More Tree Trouble in the Bubble

Storm splits beloved ole oak on Andy Beal estate at Beverly and Preston

Billionaire banker Andy Beal would like fellow admirers of a grand tree at Beverly Drive and Preston Road to know that he will miss the ole oak too.

“Unfortunately, the tree was damaged and split due to the terrible storm in Dallas a few weeks ago (in early September),” Cassie Preston, an executive assistant to Beal, explained. “Andy had an expert arborist come out to assess the damage to see if there was anything that could be done to save the tree.”

“Disappointingly, they told us that it was too damaged, and it was unsalvageable,” Preston said. “So, it was with sadness that we had to have the tree removed.”

In place of the tree outside the estate, Beal hung a sign explaining the tree’s fate.

“We loved this beautiful tree! We know our community did, too,” the sign read. “We will miss this beautiful tree and treasure our memories of it.”

The loss of the tree at Beverly and Preston, popular among Christmastime passersby, comes nearly three years after Highland Park town leaders had the 150-year-old Big Pecan tree at the intersection of Armstrong Parkway and Preston Road removed.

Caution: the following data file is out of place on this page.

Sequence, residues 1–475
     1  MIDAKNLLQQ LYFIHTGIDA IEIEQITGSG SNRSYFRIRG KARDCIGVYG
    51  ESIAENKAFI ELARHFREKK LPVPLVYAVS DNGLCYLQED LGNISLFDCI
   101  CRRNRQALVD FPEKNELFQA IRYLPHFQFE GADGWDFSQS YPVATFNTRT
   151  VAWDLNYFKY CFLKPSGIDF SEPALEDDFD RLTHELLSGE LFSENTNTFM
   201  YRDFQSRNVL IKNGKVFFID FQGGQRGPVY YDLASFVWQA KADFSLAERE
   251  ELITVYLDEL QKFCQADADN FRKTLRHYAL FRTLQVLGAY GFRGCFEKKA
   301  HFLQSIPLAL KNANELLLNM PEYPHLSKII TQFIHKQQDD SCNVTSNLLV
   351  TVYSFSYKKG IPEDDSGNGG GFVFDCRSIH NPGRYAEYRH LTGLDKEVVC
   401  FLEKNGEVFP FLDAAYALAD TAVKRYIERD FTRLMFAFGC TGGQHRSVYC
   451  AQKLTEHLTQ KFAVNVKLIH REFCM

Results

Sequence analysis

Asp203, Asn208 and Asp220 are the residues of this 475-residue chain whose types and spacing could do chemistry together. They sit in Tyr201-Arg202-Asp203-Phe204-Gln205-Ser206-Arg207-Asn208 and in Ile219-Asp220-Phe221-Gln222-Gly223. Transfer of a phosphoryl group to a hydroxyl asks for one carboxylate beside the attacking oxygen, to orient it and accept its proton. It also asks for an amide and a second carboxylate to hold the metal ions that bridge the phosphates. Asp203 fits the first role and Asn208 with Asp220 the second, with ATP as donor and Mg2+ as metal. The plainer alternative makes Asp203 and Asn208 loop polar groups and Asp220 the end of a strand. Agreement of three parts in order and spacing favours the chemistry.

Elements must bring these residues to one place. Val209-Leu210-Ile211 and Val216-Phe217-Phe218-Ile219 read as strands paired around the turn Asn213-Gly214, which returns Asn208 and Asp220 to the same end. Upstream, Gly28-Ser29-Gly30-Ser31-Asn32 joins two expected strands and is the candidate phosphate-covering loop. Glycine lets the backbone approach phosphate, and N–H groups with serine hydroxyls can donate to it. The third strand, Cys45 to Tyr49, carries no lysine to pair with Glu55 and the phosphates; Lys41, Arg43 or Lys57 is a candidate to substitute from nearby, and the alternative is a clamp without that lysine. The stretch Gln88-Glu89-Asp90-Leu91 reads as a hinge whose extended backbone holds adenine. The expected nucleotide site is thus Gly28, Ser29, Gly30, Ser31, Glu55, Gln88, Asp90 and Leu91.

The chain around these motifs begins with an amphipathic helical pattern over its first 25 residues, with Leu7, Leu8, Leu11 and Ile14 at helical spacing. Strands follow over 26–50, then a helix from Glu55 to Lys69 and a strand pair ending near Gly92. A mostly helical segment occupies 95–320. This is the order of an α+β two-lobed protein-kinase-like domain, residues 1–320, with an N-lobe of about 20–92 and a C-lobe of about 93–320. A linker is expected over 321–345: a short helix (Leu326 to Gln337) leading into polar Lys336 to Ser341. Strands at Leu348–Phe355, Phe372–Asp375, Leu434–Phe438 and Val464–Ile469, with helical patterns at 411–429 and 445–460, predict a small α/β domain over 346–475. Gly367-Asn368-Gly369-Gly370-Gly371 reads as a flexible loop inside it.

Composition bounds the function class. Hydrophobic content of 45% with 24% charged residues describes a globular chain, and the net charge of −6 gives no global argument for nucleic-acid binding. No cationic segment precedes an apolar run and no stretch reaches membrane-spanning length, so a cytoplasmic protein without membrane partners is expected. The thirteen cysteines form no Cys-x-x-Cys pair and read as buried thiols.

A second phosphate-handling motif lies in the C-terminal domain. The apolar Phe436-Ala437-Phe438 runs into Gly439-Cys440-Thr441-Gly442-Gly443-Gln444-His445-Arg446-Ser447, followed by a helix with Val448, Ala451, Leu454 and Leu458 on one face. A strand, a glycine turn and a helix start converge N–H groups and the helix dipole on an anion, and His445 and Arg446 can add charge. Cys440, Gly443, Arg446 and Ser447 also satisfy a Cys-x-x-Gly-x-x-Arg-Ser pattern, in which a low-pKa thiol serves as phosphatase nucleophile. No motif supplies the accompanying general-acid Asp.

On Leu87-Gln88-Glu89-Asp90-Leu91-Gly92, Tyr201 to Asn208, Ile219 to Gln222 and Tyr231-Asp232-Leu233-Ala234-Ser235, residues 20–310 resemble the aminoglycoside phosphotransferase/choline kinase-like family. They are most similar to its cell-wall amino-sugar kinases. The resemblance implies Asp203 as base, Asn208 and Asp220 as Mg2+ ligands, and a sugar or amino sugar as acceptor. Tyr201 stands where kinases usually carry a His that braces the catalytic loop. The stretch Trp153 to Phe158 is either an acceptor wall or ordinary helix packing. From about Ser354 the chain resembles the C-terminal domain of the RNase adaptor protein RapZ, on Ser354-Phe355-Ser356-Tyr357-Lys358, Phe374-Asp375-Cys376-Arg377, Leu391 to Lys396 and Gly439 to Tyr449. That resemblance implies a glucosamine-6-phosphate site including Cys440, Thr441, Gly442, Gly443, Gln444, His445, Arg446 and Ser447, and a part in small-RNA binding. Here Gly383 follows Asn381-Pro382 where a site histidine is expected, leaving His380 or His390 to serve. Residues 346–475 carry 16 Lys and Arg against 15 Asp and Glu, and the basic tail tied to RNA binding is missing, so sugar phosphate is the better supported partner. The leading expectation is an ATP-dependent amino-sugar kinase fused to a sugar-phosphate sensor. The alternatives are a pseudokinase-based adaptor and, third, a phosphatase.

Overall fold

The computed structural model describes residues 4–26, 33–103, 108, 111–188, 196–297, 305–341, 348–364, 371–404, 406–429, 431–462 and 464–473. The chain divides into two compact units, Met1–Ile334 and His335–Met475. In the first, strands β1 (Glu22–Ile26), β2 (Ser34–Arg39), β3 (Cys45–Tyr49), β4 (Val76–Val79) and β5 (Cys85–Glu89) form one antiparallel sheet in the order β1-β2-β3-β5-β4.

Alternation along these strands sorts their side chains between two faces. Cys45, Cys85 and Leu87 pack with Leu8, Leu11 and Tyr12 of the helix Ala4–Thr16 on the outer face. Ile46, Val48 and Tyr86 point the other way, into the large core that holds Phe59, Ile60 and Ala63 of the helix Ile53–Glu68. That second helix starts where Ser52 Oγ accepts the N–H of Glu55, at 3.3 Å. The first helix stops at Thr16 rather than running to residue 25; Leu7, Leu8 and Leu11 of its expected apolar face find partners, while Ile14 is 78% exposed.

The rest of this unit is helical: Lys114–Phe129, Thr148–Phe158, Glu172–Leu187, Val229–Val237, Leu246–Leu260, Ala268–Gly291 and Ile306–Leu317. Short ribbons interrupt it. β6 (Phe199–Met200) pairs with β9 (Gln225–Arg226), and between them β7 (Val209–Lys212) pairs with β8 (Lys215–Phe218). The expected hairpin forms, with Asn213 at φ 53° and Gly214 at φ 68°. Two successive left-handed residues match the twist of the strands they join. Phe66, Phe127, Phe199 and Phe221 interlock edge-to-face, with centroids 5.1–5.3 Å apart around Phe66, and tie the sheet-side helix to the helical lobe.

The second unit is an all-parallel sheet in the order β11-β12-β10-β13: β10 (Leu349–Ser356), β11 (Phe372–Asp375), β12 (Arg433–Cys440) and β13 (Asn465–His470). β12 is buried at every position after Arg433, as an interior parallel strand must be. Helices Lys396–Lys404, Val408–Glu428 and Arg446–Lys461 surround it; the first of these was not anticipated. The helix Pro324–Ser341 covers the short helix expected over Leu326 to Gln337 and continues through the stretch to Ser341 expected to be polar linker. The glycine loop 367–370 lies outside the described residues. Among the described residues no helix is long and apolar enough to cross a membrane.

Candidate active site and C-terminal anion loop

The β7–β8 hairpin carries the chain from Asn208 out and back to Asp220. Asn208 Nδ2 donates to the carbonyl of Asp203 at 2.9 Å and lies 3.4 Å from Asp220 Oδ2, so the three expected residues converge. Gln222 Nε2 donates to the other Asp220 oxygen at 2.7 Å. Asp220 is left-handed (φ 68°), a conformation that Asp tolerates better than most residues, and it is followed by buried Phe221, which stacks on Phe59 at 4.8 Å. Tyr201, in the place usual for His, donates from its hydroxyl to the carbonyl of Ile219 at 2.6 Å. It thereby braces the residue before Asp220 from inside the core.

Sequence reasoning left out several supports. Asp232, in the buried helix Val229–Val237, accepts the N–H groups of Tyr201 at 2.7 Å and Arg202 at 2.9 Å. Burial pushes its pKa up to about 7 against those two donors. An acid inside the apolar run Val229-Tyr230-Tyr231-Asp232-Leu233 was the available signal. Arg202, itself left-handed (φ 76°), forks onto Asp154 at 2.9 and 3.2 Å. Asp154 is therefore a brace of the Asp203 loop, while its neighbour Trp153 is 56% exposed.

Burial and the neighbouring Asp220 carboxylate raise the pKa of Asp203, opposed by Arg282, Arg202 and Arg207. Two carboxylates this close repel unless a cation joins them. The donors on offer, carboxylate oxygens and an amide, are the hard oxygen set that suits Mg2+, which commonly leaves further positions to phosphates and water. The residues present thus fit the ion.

That tree had served for years as the traditional focus of the town’s annual tree lighting ceremony but needed to come down because of age, disease, and safety concerns.

Beal bought the more-than-century-old estate at the corner of Preston and Beverly in late 2021, sparking speculation about what he would do about the beloved tree at his new house.

The property was previously owned by the late Edwin L. Cox, the former oilman for whom SMU’s business school is named, and before Cox owned it, the property was the home of socialite Susie Rose Lloyd, who, according to lore, mistakenly received the town’s budget in the mail at her house and, thinking it was a bill, wrote a check for the entire amount. 

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Rachel Snyder

Rachel Snyder, former deputy editor at People Newspapers, joined the staff in 2019, returning to her native Dallas-Fort Worth after starting her career at community newspapers in Oklahoma. One of her stories won first place in its category in the Oklahoma Press Association’s Better Newspaper Contest in 2018. She’s a fan of puns and community journalism, not necessarily in that order.

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